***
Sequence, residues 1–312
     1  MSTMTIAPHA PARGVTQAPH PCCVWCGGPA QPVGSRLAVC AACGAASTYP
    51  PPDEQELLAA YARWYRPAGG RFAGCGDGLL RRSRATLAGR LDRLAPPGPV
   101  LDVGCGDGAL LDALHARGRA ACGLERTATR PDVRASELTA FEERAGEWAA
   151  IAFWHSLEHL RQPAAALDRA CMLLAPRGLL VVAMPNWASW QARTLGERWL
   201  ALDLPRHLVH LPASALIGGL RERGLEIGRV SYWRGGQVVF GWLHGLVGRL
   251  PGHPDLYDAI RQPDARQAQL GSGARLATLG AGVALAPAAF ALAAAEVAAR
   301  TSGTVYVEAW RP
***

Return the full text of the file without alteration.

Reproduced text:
Sequence, residues 1–312
     1  MSTMTIAPHA PARGVTQAPH PCCVWCGGPA QPVGSRLAVC AACGAASTYP
    51  PPDEQELLAA YARWYRPAGG RFAGCGDGLL RRSRATLAGR LDRLAPPGPV
   101  LDVGCGDGAL LDALHARGRA ACGLERTATR PDVRASELTA FEERAGEWAA
   151  IAFWHSLEHL RQPAAALDRA CMLLAPRGLL VVAMPNWASW QARTLGERWL
   201  ALDLPRHLVH LPASALIGGL RERGLEIGRV SYWRGGQVVF GWLHGLVGRL
   251  PGHPDLYDAI RQPDARQAQL GSGARLATLG AGVALAPAAF ALAAAEVAAR
   301  TSGTVYVEAW RP